How to update OpenSSL lib on OSX


Last night one of my CI builds ran into error by executing CMake based build with following error message:

Could NOT find OpenSSL, try to set the path to OpenSSL root folder in the system 
variable OPENSSL_ROOT_DIR: Found unsuitable version "0.9.8y", but required is at least "1.0.0"

Running following command to get current version of installed OpenSSL

$ openssl version -a

Gave me 

Even though build was pretty recent the version number was still lower from that what I needed.

Since I am using Homebrew as package manager I could install newer version with following command.

$ brew install openssl

This however, downloads and builds OpenSSL into Homebrew local folder and does not change symlinks for currently installed version. Running the following command should update symlinks in /usr/bin

$ brew link openssl --force

But running the

$ openssl version -a
Showed the same version again so I had to update symlinks manually.

$ sudo ln -s /usr/local/Cellar/openssl/1.0.2d_1/bin/openssl /usr/bin

If you are running latest version of OSX (10.11.1 El Capitan at this moment) chances are that "System Integrity Protection" is enabled thus not allowing you to edit content under /usr/bin. You can check if this protection is enabled by running 

$ csrutil status


If this protection is enabled here you can read about how to disable it before executing these commands.

OS X 10.10 Yosemite on Virtual Machine

Apple just announced next version of OS X and I wanted to give it a try. Beta will be available for first million subscribers or you can get it from third party sites. I couldn’t wait for notification mail from Apple so I got my copy from here. Since this is a beta I didn’t want to mess up my current system so virtual machine was better choice.   I’ve used Oracle Virtual Box for OS X but it works with VMware Fusion or Parallels as well. Basically it’s an upgrade of you current OS X system so you will need running OS X virtual machine. There is a ton of tutorials how to install OS X on virtual machine. I’ve had OS X 10.8 and upgrade went smoothly. Simply extract and copy installer to your virtual machine and run it. It will restart two times and that’s about it.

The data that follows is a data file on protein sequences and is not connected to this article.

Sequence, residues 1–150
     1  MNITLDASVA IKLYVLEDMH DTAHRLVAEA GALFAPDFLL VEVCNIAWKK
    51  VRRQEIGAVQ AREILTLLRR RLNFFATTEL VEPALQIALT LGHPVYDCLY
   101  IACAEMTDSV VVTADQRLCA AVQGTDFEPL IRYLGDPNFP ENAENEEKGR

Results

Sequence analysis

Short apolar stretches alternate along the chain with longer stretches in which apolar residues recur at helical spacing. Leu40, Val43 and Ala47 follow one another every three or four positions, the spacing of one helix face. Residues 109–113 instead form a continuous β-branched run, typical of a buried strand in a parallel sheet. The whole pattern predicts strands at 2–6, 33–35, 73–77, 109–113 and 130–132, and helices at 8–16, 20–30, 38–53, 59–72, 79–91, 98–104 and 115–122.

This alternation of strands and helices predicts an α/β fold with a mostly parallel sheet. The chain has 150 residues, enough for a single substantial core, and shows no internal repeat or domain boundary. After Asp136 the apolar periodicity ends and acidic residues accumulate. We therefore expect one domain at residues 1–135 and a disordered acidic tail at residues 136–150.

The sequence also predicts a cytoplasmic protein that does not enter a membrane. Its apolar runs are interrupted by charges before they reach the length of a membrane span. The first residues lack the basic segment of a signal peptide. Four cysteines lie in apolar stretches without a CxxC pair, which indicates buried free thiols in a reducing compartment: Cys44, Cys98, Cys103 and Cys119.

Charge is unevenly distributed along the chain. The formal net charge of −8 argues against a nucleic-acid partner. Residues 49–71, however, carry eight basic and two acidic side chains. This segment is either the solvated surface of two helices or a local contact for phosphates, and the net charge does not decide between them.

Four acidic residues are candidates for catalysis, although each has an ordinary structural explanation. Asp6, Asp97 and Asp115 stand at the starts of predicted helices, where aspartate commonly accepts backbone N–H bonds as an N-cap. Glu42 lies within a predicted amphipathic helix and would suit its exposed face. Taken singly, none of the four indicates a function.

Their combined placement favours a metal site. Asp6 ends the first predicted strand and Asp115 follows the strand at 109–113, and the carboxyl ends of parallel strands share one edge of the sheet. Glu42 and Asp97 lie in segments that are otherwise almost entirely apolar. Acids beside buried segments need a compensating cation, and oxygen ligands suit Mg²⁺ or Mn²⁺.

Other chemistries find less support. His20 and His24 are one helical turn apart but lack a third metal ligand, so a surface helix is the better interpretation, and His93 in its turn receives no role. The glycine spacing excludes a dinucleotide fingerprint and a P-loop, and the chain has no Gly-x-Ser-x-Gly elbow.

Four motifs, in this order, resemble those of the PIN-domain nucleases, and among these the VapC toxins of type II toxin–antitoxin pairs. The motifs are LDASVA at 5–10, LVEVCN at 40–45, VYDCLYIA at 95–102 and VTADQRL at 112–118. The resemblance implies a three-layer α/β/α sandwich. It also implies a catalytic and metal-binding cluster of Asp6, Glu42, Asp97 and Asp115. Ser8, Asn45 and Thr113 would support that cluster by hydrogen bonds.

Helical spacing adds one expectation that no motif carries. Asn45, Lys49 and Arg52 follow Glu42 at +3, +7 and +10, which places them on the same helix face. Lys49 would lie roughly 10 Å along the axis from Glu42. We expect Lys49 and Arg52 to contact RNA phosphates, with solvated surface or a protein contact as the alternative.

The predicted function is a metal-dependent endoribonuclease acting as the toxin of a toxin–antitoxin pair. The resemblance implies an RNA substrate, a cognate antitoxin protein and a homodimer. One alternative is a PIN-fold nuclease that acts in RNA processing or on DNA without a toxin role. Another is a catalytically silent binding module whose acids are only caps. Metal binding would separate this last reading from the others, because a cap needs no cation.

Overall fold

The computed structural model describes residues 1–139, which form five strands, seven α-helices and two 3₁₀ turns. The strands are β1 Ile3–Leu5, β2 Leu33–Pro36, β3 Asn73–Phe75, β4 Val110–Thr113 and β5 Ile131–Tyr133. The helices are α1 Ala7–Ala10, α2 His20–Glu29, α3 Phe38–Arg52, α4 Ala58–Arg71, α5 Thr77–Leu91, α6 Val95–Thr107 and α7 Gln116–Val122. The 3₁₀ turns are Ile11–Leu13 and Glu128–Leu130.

I’ve used my 2011 iMac as a host with Intel Core i5 processor so experience is not that impressive. It is obvious that system is still in Beta. On the other hand UI looks pretty nice in my opinion but with all that translucency it’s starting to look very much like Windows.

Here are some screenshots of running system.

1. Login Screen

1. login screen     

2. Apple ID

2. appleid

 

3. Desktop & Screen Saver

3. Desktop background

 

 

4. Show all

 

4. System Info

5. System Info

5. 6. Safari Safari

 

 

 

6. Spotlight 8. Spotlight

 

7. Lunchpad

9. Lunchpad

Qt: Detect in the .pro file if compiling on 32 bit or 64 bit platform

QtLogo-CodeLess

Couple of months earlier I wrote how to compile Qt projects (.pro files) from command line both on OS X  and Windows. Basically it comes down to calling qmake executable and passing path to your .pro file and path to make spec file for specific compiler. It goes something like this:

C:\QT5_build\bin\qmake.exe [Path to your .pro file] 
-r spec C:\QT5_build\mkspecs\win32-msvc2010

I am using shared .pri configuration files which I later include in my .pro files to have consistent settings across different project. In my base .pri settings files I define where are shared libraries, include files, platform specific compiler flags.

One of the things I want to control is where should output go, namely DESTDIR. I wanted to for my 32 bit builds to land in Output folder and 64 bit in Outputx64, both on Windows and OS X. Here is my shared configuration .pri file:

BUILD_TARGET = SimpleProjectName

win32{